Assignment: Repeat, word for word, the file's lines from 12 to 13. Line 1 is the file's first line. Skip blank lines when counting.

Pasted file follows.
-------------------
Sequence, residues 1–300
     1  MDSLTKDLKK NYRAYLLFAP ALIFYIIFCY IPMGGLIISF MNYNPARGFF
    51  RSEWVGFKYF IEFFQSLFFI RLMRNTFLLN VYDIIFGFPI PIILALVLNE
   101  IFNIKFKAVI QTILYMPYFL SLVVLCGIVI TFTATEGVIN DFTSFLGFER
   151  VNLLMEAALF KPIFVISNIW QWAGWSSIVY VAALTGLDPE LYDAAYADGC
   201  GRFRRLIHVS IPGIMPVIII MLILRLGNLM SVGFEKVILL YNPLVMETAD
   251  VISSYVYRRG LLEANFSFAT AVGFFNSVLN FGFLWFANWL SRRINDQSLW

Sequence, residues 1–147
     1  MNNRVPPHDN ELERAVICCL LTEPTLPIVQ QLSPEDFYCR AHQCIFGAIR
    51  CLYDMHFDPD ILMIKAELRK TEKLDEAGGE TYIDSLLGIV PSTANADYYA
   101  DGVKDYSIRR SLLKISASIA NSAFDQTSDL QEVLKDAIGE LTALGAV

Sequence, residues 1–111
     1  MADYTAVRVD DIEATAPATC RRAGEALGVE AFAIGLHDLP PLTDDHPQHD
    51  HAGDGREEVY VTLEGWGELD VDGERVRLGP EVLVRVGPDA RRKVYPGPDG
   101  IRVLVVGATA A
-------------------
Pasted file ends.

Sequence, residues 1–111
     1  MADYTAVRVD DIEATAPATC RRAGEALGVE AFAIGLHDLP PLTDDHPQHD